BanglaTown
Cartoon by Roni Santiago

The Bangladeshis in Michigan are doing something good that Filipinos can replicate.

They are working on a project called ‘BanglaTown,’ which is an area located in Hamtramck and Detroit where many of them are residing.

The Detroit Free Press reported that last Nov. 6, Michigan Gov. Rick Snyder went to Hamtramck and endorsed the idea. He presided over ribbon-cutting ceremonies to announce the opening of BanglaTown and the new office of the Bangladeshi American Public Affairs Committee.

The Free Press report stated, “At a time when his own party is moving toward more of a hardline stance on immigration, the Republican governor told a crowded room of Bangladeshi-Americans he welcomed them. “Diversity is a positive power,” Snyder said inside the new office of the Bangladeshi group. “We can learn from one another, we can grow together. …This is a fabulous illustration of that positive power, in BanglaTown today.”

Snyder’s visit is in line with a state policy to make Michigan and Detroit immigrant-friendly. Officials say that if successful, it could be used as template for other emerging immigrant communities in Detroit, the Free Press reported.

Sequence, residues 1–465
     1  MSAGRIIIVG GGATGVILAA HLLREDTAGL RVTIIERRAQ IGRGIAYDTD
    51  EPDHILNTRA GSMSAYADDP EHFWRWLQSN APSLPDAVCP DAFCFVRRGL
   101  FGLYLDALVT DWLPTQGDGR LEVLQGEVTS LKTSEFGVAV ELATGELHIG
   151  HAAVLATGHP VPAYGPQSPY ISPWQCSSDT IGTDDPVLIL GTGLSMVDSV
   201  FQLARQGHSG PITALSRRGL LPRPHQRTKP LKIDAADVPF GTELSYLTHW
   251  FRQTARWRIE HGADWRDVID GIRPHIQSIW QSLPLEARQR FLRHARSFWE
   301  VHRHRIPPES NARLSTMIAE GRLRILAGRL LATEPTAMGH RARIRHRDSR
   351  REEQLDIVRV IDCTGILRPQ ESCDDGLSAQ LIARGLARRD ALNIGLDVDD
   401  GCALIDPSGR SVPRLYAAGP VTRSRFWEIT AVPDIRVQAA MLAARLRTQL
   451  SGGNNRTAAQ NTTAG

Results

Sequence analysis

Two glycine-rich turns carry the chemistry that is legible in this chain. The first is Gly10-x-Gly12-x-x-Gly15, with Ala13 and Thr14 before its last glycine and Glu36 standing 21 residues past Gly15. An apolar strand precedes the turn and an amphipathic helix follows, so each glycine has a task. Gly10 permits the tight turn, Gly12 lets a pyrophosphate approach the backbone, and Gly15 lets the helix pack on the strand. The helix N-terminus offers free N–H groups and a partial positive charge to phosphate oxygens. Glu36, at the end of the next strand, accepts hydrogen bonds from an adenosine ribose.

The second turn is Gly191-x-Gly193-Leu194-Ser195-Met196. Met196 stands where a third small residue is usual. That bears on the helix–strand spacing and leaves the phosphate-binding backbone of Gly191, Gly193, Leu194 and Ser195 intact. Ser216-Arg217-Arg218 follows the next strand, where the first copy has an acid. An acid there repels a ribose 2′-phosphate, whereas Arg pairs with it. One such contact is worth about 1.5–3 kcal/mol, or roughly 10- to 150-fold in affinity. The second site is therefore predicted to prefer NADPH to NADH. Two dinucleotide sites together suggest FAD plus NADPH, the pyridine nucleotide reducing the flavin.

In a Detroit area near the border with Hamtramck, there are many Bangladeshi groceries, restaurants, clothing stores and other businesses.

Steve Tobocman, executive director of Global Detroit, was quoted by the Free Press as saying,  “BanglaTown is a largely untold story of how immigrants can work with local residents to revitalize urban neighborhoods in Detroit and Hamtramck.”

Global Detroit has been working to promote BanglaTown, an idea that has been developed for years by community leaders.

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From our standpoint, we see that BanglaTown is a laudable and feasible project.

We, Filipinos, could possibly undertake a similar project which could be called “FilTown.” It would be a community populated mostly by Filipinos. It would be self-contained, complete with facilities such as Filipino restaurants, grocery stores, theaters, gyms, schools, a community center, etc.

The benefits to the residents would be immense. They would no longer travel far to dine in a Filipino “turo-turo” restaurant or buy Filipino grocery goods. It would be viable to stage concerts featuring outstanding talents from the Philippines or screen Filipino movies.

It would be a real neighborhood in the Filipino sense. The residents could knock on the door of their neighbors just to exchange gossips. Or they could exchange Filipino dishes.   

According to the 2010 US Census, there are 26,000 Filipino immigrants and Filipino Americans all over Michigan. They are residing in various areas, many of which are far from Detroit.

If even only 10 percent (2,600) of the total Filipino population in the state opt to relocate in FilTown, the project would be successful.

And if there is any significant legacy the present Filipino community leaders could leave for the next generation of Filipino Americans, it would be FilTown.